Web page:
Tomorrow (27 March), the Security Council is expected to receive a briefing on the humanitarian situation in Syria by Under-Secretary-General for Humanitarian Affairs Mark Lowcock (via VTC), followed by consultations. The meeting will be chaired by the Minister of Foreign Affairs of the Netherlands, Stef Blok.
Although Council members have just received the monthly report of the Secretary-General from February (S/2018/243) on the humanitarian situation in Syria, the main objective of the meeting will be to take stock of the implementation of resolution 2401. The resolution, which was adopted on 24 February, demanded a cessation of hostilities throughout Syria.
The situation in Eastern Ghouta in expected to feature prominently in the discussions. Throughout March, the government’s military offensive has persisted. It first succeeded in dividing rebel-held territory into three areas and has continued with the evacuation of thousands of civilians. Council members may ask Lowcock about the conditions in which these evacuations are taking place and the situation in the collective shelters to which civilians are arriving. OCHA has reiterated that mass evacuations of civilians should remain a last resort as per international humanitarian law, and has stressed the need to have guarantees regarding the safe and voluntary exit of civilians, including freedom of movement and their ability to return to their homes.
Lowcock is expected to brief the Council on the challenges to gaining humanitarian access. On 12 March, Secretary-General António Guterres told the Council that the delivery of humanitarian aid had not been safe, unimpeded or sustained, and that no sieges had been lifted. The direct security threats against the convoys of the UN and its partners, as well as the systematic removal of medical items by the government, have directly challenged resolution 2401. On 16 March, OCHA published reports of surgery taking place without anesthesia and suturing being done with household items.
The situation in Afrin is also expected to be discussed. The Turkish military offensive continued in March, and Turkey took full control of the region over the weekend. Yesterday, Turkish president Recep Tayyip Erdoğan said that the offensive would continue towards YPG-held Tal Rifaat in northern Aleppo. Throughout the offensive in Afrin, the UN expressed alarm at its impact on civilians, threatened by airstrikes and ground-based attacks and prevented from escaping by Kurdish forces.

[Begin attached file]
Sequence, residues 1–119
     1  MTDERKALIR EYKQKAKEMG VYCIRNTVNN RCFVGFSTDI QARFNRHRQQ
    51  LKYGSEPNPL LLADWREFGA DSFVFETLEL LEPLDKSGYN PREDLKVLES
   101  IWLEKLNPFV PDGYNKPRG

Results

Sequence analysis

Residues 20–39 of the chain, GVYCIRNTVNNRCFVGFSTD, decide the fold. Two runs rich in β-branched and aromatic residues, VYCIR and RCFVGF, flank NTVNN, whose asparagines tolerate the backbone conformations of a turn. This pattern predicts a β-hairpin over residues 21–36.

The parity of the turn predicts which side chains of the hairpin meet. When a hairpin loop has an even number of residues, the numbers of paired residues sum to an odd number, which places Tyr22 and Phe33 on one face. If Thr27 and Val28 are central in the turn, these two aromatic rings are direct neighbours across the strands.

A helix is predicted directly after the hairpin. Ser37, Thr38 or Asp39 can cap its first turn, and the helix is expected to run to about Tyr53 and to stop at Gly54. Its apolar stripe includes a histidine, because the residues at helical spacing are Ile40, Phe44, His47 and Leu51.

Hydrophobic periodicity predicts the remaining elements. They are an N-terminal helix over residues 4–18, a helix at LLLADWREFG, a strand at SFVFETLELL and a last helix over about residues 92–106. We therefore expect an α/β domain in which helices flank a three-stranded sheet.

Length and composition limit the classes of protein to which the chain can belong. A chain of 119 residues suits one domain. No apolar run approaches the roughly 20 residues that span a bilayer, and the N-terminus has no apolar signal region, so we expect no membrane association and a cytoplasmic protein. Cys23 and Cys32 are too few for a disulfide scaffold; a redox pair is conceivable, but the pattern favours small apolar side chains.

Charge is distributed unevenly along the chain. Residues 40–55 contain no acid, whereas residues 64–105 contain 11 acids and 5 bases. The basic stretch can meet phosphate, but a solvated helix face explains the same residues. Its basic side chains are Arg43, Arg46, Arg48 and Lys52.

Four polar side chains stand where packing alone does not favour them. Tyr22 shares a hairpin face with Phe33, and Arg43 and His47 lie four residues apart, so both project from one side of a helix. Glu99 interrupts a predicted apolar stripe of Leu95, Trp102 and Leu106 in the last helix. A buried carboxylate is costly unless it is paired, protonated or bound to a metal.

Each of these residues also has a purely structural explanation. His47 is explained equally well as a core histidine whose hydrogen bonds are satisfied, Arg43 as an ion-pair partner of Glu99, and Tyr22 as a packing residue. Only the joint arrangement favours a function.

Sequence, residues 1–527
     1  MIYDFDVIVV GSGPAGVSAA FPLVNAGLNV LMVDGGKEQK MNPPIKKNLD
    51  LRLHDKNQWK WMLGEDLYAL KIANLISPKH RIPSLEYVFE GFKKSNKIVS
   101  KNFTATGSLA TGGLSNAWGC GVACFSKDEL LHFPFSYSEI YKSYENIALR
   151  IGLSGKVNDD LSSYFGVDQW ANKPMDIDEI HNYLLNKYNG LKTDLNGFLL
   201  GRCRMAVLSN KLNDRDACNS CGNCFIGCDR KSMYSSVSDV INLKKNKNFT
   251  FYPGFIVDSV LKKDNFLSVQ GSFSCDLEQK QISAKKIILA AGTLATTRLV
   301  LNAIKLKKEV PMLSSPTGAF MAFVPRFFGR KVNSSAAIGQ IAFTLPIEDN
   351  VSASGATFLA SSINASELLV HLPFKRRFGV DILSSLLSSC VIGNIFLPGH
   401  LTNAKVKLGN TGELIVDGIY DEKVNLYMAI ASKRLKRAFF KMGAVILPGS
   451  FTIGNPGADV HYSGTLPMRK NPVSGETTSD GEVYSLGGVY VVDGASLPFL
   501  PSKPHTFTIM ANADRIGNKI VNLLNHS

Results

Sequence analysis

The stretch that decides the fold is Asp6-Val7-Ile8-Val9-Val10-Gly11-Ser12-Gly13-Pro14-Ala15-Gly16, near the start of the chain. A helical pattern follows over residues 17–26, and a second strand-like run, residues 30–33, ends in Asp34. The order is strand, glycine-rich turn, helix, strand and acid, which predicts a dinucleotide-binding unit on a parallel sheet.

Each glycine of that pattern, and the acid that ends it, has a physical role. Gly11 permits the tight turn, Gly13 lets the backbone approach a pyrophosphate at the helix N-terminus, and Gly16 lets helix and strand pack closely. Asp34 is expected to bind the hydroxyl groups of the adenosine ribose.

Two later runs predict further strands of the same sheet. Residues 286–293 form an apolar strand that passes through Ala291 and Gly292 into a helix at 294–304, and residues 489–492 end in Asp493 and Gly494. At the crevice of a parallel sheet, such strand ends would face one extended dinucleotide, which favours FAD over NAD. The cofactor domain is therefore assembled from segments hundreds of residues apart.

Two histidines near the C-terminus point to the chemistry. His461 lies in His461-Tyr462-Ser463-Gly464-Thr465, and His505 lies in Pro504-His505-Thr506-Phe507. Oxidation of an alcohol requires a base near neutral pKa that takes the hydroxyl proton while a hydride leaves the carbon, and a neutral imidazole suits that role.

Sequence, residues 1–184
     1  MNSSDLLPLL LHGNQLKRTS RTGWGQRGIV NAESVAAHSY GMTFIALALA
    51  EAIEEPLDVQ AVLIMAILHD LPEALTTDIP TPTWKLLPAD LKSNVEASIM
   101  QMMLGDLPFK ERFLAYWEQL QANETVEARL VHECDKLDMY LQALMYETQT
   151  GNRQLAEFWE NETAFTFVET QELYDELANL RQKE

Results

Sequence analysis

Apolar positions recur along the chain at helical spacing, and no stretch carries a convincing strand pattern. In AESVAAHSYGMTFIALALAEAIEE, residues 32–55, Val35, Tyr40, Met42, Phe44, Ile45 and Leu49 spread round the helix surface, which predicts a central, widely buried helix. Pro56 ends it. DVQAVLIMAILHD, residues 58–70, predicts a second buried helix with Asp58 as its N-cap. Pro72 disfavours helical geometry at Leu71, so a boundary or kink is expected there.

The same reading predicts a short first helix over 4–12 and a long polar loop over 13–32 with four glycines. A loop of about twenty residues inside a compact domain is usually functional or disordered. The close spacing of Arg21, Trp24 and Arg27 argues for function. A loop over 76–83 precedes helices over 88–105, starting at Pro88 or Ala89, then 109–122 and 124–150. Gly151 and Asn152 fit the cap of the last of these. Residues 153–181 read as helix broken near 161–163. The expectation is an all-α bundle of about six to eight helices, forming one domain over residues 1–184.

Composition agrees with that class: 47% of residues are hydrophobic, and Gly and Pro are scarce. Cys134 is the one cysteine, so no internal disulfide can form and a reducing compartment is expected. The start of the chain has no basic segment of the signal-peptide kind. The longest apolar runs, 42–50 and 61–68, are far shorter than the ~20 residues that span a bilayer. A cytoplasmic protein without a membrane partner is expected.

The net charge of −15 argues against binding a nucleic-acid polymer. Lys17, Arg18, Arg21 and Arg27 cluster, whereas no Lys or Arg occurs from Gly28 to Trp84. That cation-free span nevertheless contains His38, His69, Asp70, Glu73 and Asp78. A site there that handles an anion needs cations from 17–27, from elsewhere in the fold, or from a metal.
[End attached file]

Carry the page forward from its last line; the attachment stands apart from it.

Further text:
The situation in Idlib is also expected to be raised tomorrow. As in Eastern Ghouta and Afrin, there has been continuing violence, as the cessation of hostilities has not been implemented.
Another issue likely to be raised tomorrow is how to give adequate follow-up to the lack of implementation of 2401. Some Council members would like to see a monitoring mechanism established to provide regular updates on the implementation of resolution 2401, and may raise this during the meeting. While some Council members may prefer to preserve 2401, noting that for all of its limitations it received unanimous support, others may prioritise undertaking new initiatives to increase pressure on the parties. At the 12 March briefing, the US circulated a draft resolution imposing a cessation of hostilities on Eastern Ghouta and Damascus that appeared to be unacceptable to Russia. At the meeting, Ambassador Nikki Haley warned “any nation that is determined to impose its will through chemical attacks and inflicting human suffering” that the US “remains prepared to act if we must”.
Since then, in an attempt to increase pressure on Russia and Syria, the US, along with France, Kuwait, the Netherlands, Peru, Poland, Sweden and the UK, sent a letter on 16 March to the Council President. The letter said that if there is no implementation of 2401, “it is imperative that this Council immediately pursue decisive action to achieve a full cessation of hostilities throughout Syria, to facilitate humanitarian access, and to protect the Syrian people”.